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George Frideric Handel (1685-1759)
Water Music Suite


Allegro deciso

Returning from a sojourn in Italy, to his homeland the young Georg Friedrich Händel, took up the position of court musician at the provincial German court of Hanover. This appointment made a generous allowance for travel, of which he took full advantage. First spending time in Düsseldorf, then at the age of 25 on to London, where he proceeded to establish his musical career with court and public alike. By the time of his second visit to London, Handel was awarded a yearly stipend £200 from Queen Ann, and although he was still officially employed by the Hanover Court, it is unclear whether Handel ever planned to return to Germany. In the end, it was a mute point. The Queen died and the Elector of Hanover succeeded to the English throne as George I. While we have no record of what Handel's thoughts and fears regarding this turn of events might have been, Handel's first biographer, Mainwaring, has related a story explaining how a reconciliation between monarch and composer took place through the writing and performing of Handel's Water Music . While most scholars discount the likelihood of the events actually taking place as related by Mainwaring, there are some aspects of which we can be certain.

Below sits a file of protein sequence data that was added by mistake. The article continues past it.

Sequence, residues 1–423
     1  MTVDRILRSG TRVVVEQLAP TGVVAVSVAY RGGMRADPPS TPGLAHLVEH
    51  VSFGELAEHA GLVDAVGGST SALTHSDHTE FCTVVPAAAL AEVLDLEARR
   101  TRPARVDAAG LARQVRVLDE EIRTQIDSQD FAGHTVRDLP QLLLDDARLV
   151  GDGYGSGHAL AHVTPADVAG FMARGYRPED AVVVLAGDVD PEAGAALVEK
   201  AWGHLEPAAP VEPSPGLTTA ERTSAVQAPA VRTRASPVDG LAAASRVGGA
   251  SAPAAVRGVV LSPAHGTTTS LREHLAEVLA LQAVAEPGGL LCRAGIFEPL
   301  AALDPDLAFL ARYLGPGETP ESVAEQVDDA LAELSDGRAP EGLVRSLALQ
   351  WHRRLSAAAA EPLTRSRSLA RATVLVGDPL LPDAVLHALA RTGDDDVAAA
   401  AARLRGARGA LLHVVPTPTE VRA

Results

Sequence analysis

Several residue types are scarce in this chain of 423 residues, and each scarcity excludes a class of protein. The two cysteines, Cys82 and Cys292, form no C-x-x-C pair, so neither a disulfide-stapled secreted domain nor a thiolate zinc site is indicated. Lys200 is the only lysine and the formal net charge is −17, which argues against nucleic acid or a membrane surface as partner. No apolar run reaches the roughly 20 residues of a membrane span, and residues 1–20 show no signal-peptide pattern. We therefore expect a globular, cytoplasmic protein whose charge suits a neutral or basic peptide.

While Handel composed relatively little, purely orchestral music, Water Music is certainly some of his finest and it seems clear that he must have enjoyed writing it. It is colorful, vibrant, and full of melodic invention. The twenty-five individual movements that were eventually published (1740) in three suites are of various types, but without question, their instrumentation and character are wonderfully suited for outdoor performance. Indeed water parties on the Thames were common and it is possible that these pieces were written for various occasions and later gathered into suites for publication. We have records of at least three, August 22, 1715, July 17, 1717, and also for the meeting of the royal bride to be Princess of Wales in 1736. The 1717 event was described in the London newspaper the Daily Courant :

". . . On Wednesday Evening, at about 8, the King took water at Whitehall in an open Barge ... and went up the river towards Chelsea. Many other barges with persons of quality attended, and so a great a number of boats, that the whole river in a manner was cover'd; a city company's barge was employ'd for the musick . . ."

Further details were supplied by Prussian diplomat Frédéric Bonnet: